When most of the books you read are borrowed from the library via your Kindle, you don’t know always know when you’re going to read what. On occasion, the book you’re interested in is available right away (for example, I recently enjoyed The Giver Quartet by Lois Lowry on demand), but often, you don’t know when you’ll be reading any given book.
Then one day you get an email saying that the digital item you placed on hold is now available—or, even better, has been automatically checked out to you. It gives your reading life a certain delightful unpredictability.
But when Big Magic by Elizabeth Gilbert appeared in my inbox a few weeks ago, my first thought was, wait, didn’t I vow to stop reading self help books? As in, “if you’ve read one self help book, you’ve read them all.” I thought back and remembered some of the reasons I’d originally wanted to read the book:
- Big Magic had been in my face all over Facebook (no pun intended),
- I love Gilbert’s other books (I’ve read three),
- and I adore reading about the creative lives of successful writers…
So with lukewarm enthusiasm and slightly above average expectations, I clicked the “Download” button—and started in on the magic.
The joke was on me. This is not your typical self help book. It is full of surprises and, yes—delightfully unpredictable. If I had preconceived notions about the content, they were wrong. Big Magic made me question some long-held beliefs in a gentle, light way. It inspired. And it made me say “yes!” more than once.
My first “yes!” moment came in Part II: Enchantment, where things got really interesting—and magical. The notion that ideas are floating around in the universe and when an idea graces you with its presence, it’s your choice to say yes or say no. If you say no, the idea will leave you and find a different creator. Gilbert had to say no once to “the best novel she never wrote” due to pressing family matters. And in this context she said something most profound (regarding writing about her family matters, rather than the great novel):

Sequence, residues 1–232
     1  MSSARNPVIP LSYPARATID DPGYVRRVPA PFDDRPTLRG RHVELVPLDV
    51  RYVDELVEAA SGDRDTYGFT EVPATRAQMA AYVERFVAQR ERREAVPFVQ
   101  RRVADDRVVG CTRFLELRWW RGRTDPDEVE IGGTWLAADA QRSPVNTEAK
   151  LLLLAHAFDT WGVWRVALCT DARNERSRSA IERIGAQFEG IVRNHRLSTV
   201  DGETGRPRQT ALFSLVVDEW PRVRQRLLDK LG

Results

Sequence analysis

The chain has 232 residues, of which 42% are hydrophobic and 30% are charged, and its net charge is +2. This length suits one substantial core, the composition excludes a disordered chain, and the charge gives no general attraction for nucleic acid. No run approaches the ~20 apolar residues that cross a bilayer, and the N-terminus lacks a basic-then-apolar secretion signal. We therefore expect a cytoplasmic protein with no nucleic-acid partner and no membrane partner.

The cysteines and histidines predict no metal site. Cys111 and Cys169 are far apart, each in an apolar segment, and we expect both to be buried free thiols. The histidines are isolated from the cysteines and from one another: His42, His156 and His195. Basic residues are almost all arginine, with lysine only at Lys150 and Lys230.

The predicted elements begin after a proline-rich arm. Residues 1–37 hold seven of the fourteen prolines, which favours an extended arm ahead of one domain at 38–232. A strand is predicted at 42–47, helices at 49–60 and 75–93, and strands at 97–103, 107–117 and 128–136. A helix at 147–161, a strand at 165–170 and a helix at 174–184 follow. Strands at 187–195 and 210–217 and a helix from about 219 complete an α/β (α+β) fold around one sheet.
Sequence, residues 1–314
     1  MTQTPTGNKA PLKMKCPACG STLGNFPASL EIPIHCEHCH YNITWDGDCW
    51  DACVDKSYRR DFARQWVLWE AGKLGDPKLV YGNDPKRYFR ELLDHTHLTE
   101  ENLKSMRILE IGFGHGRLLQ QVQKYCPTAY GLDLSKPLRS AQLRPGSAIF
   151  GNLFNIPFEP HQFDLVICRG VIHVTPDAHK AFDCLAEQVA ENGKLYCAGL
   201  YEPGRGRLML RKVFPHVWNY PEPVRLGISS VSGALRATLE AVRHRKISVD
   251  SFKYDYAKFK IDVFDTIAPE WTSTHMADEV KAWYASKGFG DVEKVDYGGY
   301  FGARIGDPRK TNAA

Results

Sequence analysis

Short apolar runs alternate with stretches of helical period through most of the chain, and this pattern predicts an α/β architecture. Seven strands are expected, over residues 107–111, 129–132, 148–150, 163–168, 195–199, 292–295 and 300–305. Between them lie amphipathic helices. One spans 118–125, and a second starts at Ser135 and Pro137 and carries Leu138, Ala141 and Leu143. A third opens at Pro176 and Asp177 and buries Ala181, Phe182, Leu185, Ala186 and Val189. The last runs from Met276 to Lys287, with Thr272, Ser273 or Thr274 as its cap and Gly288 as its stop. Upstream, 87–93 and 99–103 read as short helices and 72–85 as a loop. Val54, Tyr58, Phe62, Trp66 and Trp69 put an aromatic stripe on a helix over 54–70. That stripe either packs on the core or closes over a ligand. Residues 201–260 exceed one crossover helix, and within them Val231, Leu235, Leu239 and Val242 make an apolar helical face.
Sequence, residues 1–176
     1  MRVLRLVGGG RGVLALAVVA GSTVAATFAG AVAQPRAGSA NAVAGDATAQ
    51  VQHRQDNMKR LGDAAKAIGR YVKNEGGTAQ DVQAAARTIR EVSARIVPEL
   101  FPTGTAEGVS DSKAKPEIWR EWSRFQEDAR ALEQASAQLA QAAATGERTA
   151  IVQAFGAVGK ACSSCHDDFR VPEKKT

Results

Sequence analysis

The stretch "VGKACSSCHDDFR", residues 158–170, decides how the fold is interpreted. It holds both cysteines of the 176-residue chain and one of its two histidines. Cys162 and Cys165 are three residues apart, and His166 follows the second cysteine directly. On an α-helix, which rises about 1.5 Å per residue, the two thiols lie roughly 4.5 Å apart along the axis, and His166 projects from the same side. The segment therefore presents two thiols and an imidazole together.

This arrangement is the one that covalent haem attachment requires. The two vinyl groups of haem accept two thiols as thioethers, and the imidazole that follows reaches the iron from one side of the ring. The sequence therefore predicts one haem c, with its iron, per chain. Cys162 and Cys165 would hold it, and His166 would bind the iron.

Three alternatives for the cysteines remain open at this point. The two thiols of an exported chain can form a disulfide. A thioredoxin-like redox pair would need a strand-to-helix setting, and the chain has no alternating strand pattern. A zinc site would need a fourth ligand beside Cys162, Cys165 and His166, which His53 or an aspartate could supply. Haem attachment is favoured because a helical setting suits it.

And because I must always be writing about something or else I will go mad, I decided to write about that—that is, to chronicle what was going on in my real life, as a way of sorting through its complications and revelations.
I’ve shared what happens when I’m not writing, and it was comforting to hear another writer express a similar sentiment. And a subsequent quote by Joan Didion summed it up perfectly: “I don’t know what I think until I write about it.”
I also enjoyed Gilbert’s discussion about makers—and that all of us, if we go back far enough in our family history, are decedents of makers.
Go back far enough and you will find people who were not consumers, people who were not sitting around passively waiting for stuff to happen to them. You will find people who spent their lives making things.
“…who were not sitting around passively waiting for stuff to happen to them.” Wow. What a powerful reminder to take charge of your life—to make something, anything! It’s in our DNA, so why not?
There are many other nuggets to share, but I don’t want to give the entire book away—and you have other things to do, I’m sure. So I’ll leave you with this last bold statement:
You are not required to save the world with your creativity.
Gilbert believes that creativity has intrinsic value. The result doesn’t have to be good—and it certainly doesn’t have to be perfect. We don’t even have to save the world with our creativity. Whew!
This is a book for all creatives—and according to Gilbert, that’s all people. I recommend you give it a shot, even if you, like me, have vowed not to read another self help book.
Big Magic is so much more.
News and Events
- Currently reading: The Spirit Level by Kate Pickett and Richard Wilkinson and The Readers of Broken Wheel Recommend by Swedish author Katarina Bivald
- Taking a week of (unplugged) vacation starting right about now.
- Completed my Yoga Calm for Kids certification!
- Speaking at Northeast Iowa UU Fellowship on June 26 @ 10 a.m.
Her Lost Year
We’re coming up on the one-year anniversary of the publication of Her Lost Year. Our goal is to reach 1,000 copies in circulation. Help us by spreading the word!